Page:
The US federal government and 19 US states allege that Microsoft engaged in illegal “monopoly maintenance” to protect and extend its market dominant Windows PC operating system and then tried to monopolise the Internet browser market, according to court papers filed late yesterday.
The US Department of Justice (DOJ) along with attorneys general from the US states and the District of Columbia allege that Microsoft violated the Sherman Act, the cornerstone of the nation’s antitrust laws, in at least four different ways. Among the other allegations made in the court papers are that Microsoft engaged in a variety of illegal business practices, including tying its Web browser to Windows, entered into exclusionary agreements with computer makers, Internet access providers and content providers, and impaired competitors' access to consumers.
The filings come as the historic antitrust case enters its final phase. US District Court Judge Thomas Penfield Jackson had asked the parties to file proposed findings of law after he ruled last month on the facts in the case. In those findings of fact, Jackson indicated that Microsoft has a monopoly on Intel-based PC operating system software and that the company has used that power to hurt consumers, stifle innovation and thwart competition.
Microsoft has until Jan. 17 to file its own proposed interpretation of how the law should be applied to the set of facts Jackson issues. After that, the two sides each can submit rebuttals. Oral arguments are scheduled for Feb. 22.
Today's court filings allege that Microsoft violated Section 2 of the Sherman Act “through a host of actions that illegally maintained the critical barrier to entry into, and hence its monopoly in, the market for operating systems for Intel-compatible personal computers," according to the document.
Secondly, the document also alleges that Microsoft violated Section 1 of the act by illegally tying its Internet Explorer Web browser to its Windows operating system. A third allegation states that Microsoft also violated Section 1 of the act by entering into “exclusionary” agreements with personal computer manufacturers and with ISPs (Internet service providers), online service providers and Internet content providers. Lastly, “Microsoft’s anticompetitive campaign to impair (Netscape Communication Corp.’s rival Web browser) Navigator's competitive access to consumers constituted an unlawful attempt to monopolize the browser market,” a Section 2 violation of the Sherman Act.
The DOJ filing is available at http://www.usdoj.gov/atr/.
The US states filed a separate 42-page document listing the laws in each state allegedly violated by Microsoft. While acknowledging that state antitrust laws “are based upon and largely emulate the federal scheme,” the states point out in the filing “the extent to which the standard of liability under that State’s antitrust or unfair competition law runs parallel to its federal counterparts.”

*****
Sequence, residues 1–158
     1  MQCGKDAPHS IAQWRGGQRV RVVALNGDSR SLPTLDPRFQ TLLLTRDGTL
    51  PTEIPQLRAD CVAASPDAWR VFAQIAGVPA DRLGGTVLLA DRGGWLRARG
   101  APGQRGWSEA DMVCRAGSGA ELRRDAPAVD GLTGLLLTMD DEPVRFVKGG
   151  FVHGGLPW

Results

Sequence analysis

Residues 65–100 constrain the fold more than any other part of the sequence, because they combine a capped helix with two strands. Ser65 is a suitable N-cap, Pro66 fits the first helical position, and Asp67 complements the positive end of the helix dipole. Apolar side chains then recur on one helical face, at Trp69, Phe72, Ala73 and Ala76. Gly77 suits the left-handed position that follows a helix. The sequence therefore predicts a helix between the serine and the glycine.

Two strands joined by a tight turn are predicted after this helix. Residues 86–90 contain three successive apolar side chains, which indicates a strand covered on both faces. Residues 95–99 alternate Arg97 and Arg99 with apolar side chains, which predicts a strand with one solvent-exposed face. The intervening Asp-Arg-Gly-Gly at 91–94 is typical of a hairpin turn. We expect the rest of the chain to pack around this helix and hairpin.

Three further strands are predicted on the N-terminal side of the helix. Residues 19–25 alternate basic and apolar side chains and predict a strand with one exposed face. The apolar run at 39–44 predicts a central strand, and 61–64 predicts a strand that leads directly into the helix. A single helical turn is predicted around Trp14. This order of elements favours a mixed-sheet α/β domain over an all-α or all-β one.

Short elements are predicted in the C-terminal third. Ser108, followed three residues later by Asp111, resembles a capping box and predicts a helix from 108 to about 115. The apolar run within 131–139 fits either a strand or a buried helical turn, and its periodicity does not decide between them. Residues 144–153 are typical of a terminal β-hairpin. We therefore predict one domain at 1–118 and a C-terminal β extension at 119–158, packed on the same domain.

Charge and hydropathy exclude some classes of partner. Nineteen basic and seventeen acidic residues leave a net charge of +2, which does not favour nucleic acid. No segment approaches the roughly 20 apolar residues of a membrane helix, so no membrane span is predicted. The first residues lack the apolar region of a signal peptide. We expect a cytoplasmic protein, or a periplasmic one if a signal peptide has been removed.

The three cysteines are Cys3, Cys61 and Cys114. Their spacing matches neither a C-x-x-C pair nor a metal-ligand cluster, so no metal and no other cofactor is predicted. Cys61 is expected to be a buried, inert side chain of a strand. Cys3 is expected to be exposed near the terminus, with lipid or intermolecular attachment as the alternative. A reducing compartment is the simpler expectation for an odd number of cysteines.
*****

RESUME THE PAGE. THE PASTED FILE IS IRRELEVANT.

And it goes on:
In California, for example, the state’s antitrust law, the Cartwright Act, states that it's illegal to restrict commerce, prevent competition or enter agreements to lessen competition. The court filings allege that Microsoft violated the state’s antitrust law by illegally tying its Internet browser to its Windows operating system.
In addition, the state alleges that Microsoft violated California’s Unfair Competition Law by illegally maintaining a monopoly over the PC operating system software, attempting to monopolise the 'Net browser market and entering into exclusive arrangements with ISPs, online service providers and Internet content providers. Furthermore, the complaint states that Microsoft unreasonably restrained computer makers from changing the first-boot or startup sequence on its software.
The state brief lists the laws that Microsoft allegedly violated on a state-by-state basis and is available at the National Association for Attorneys General Web site at http://www.naag.org/.
Antitrust experts said that observers shouldn’t read anything into the separate filings by the federal and state governments. Both filed joint proposed findings of fact in September. There have been reports that the states are eager to demand tougher remedies in relation to Microsoft than the federal government, such as a breakup or restructuring of the software company. Judge Jackson cited the reports when he appointed Federal Appellate Judge Richard Posner as a mediator in the case last month.
“There is enough variation in state law that they had to separately give the judge a state-by-state road map,” said William Kovacic, law professor at George Washington University. “Even if the state laws have the exact same text as the Sherman Act, their courts may interpret things differently.”
(Elizabeth Wasserman and Keith Perine write for the Industry Standard.)